Monday, September 19, 2011

Writing An Obituary

Two years ago yesterday, September 18, 2009, my father took his last breath. He had spent 7 days in palliative care at the University of Wisconsin Hospital and Clinics in Madison, Wisconsin. The first night he was there I stayed with him, at his side. His move to palliative care meant finality. It meant that we'd have to write an obituary. Curled up under a blanket in a chair at his bedside I typed on my notebook computer. It was the hardest thing I've every written. If you are faced with this emotional task, keep the following in mind:
  • include information on life as well as death;
  • provide dates and locations, but be mindful of identity theft (sadly, criminals use this type of information);
  • mention a charity in-lieu of flowers if you are inclined; and
  • be creative and think outside the box.
For more tips on writing an obituary, there are several web sites. If you need a sample, here is the text I wrote for my dad:

Carl E. Gustafson

Born November 20, 1941

Died September 18, 2009

Carl E. Gustafson ended his earthly journey on September 18, 2009. His final days were spent in the palliative care unit at University Hospital and Clinics, where daily he was surrounded by family and friends. His family would like to extend their gratitude to the medical staff at UWHC, especially to the doctors and nurses in the palliative care unit, and to Doctor Adnan Said, who worked with him the past 5 years.

Born at Swedish American Hospital in Rockford, Illinois, his family moved to Wisconsin when he was ten years old and settled on the west side of Madison. Carl attended Middleton High School, and then completed the steamfitter program at Madison Area Technical College. He worked as steamfitter for several years and was a member of the Steamfitters Local Union No. 601. Following a back injury he changed career paths, turning his love of cars into a business. He spent the next 30 years as the owner of a used car lot and auto body repair business; first in Middleton, and most recently in Fitchburg. Many may remember his business card, which proclaimed “buy a car from Gus, and get no fuss”.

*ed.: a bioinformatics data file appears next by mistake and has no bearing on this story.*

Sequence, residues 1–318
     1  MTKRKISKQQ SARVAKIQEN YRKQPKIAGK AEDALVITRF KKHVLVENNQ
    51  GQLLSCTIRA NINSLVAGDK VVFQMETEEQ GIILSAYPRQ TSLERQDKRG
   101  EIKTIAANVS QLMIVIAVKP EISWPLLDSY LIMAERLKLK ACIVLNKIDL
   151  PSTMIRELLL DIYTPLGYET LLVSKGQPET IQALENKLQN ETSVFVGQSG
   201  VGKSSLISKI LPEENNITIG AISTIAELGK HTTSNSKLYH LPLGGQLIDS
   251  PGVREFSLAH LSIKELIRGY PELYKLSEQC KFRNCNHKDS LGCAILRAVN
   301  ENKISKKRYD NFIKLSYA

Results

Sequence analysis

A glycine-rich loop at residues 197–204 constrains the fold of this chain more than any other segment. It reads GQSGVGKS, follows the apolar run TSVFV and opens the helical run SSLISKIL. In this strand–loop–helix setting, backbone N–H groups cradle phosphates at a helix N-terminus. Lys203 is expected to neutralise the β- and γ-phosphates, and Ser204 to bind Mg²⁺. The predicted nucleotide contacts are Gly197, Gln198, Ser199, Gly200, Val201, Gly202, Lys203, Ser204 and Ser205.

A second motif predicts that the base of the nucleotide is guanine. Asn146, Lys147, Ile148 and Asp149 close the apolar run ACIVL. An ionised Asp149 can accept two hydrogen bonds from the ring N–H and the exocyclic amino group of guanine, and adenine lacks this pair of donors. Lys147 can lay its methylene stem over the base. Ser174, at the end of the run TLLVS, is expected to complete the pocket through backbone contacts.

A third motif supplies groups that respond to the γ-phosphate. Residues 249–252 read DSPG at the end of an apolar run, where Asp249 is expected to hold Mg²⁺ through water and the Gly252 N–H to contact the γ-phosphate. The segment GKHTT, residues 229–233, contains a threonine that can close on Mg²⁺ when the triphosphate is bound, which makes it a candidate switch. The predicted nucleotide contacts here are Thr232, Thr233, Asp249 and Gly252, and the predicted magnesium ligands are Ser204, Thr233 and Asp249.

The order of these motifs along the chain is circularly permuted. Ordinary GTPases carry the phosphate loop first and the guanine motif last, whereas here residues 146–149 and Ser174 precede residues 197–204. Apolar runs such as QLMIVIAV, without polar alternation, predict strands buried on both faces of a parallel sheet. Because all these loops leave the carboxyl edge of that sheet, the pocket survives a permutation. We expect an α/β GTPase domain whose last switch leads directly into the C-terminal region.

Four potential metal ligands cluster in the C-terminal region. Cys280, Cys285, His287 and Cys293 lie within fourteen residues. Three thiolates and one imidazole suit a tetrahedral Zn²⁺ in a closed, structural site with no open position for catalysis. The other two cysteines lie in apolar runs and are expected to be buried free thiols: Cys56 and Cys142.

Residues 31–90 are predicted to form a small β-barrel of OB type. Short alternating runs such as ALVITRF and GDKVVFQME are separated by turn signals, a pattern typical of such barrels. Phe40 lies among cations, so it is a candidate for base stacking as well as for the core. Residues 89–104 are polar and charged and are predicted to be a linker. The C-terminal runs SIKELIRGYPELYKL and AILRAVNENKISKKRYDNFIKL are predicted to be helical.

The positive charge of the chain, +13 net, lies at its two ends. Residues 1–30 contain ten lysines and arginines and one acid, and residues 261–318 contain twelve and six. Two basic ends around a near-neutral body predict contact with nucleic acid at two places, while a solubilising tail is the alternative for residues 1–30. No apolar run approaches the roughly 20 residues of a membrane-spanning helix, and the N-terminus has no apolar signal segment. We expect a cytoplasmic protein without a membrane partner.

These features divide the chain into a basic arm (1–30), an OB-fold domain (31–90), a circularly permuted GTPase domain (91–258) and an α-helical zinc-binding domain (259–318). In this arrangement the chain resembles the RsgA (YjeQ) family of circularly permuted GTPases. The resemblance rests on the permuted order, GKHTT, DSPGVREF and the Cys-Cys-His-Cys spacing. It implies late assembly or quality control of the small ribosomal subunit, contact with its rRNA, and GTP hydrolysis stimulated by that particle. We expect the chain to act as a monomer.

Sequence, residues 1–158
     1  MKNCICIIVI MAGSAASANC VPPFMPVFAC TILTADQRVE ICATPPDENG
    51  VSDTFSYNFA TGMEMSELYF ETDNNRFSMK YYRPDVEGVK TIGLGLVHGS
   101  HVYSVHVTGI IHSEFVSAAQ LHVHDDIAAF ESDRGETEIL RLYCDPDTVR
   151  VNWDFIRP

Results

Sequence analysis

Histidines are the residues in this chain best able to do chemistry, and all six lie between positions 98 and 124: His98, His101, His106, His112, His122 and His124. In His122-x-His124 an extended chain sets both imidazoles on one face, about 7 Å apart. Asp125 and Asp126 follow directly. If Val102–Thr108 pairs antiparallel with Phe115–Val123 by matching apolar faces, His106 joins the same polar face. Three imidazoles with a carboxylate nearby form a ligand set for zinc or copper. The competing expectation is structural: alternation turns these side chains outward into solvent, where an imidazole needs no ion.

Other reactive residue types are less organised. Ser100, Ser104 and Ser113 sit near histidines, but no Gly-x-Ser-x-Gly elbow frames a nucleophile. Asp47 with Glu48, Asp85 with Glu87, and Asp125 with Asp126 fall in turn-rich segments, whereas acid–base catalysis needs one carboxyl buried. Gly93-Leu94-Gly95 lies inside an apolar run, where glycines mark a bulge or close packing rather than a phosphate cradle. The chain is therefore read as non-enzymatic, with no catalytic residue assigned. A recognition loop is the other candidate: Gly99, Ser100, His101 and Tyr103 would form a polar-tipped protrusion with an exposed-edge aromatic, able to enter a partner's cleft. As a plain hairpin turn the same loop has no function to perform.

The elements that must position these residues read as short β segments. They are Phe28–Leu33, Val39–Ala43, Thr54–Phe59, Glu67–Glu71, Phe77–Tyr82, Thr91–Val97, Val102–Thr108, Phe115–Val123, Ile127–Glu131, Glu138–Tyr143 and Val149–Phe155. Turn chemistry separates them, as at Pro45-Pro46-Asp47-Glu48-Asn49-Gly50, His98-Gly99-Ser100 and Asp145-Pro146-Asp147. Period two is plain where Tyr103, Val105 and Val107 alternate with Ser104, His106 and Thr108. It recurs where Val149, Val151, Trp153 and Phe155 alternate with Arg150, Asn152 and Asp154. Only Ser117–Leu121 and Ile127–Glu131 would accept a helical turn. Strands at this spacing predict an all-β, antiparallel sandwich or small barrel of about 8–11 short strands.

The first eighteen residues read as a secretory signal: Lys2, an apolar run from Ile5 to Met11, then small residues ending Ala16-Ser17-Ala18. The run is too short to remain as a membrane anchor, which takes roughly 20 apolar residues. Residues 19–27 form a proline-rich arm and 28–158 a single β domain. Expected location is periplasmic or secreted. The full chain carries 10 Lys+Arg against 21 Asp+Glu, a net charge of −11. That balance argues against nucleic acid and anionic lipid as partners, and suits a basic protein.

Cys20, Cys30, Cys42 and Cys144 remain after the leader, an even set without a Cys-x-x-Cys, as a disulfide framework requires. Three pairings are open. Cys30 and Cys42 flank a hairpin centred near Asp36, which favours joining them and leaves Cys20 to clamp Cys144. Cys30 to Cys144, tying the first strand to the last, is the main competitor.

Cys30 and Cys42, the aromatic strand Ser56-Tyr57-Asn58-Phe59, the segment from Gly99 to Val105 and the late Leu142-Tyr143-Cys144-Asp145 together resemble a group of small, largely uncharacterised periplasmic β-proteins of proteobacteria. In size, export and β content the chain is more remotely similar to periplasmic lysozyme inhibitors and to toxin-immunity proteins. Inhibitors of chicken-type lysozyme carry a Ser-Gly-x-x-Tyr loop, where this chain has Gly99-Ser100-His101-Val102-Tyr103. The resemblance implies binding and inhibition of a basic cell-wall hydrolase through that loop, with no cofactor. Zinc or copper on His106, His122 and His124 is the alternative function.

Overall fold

In 1970 he married the love of his life, and best friend, Sharon (Lamb) Gustafson. Over the course of their marriage they shared many joint ventures: doubling the size of their first home with their own hands, building a family cabin in Westfield, Wisconsin, and for many years working side by side at the family business.

Over his 67 years Carl made countless friends and was gifted with a memory for faces and names. His family often joked that there was no where they could go without him running into someone he knew. Even on a family trip to Disney World, Carl bumped into friends while waiting in line.

He is survived by: his loving wife, Sharon (Lamb) Gustafson; his son Robert (Rhonda) Gustafson of The Village of Dane, and their three sons David (Ashley), Michael, and Eric; his daughter, Melinda (Charles) Gustafson Gervasi, of Madison, and their son Ian; his twin sisters, Patricia (Rodger) Edgren of Marshall, and Judith (Michael) Jennings of Mt. Horeb; and many nieces and nephews. He was preceded into death by his father, Carl A. Gustafson and his mother Agnes (Fitzgerald) Gustafson.

Even though his earthly time has come to an end, his spirit and image will live on in the lives of his wife, son, daughter, and grandsons. A visitation will be held on Thursday, October 1st, from 10:30am – 12:30pm at the Brooklyn United Methodist Church (201 Church St., Brooklyn, WI) and will be followed by a memorial service and private burial.

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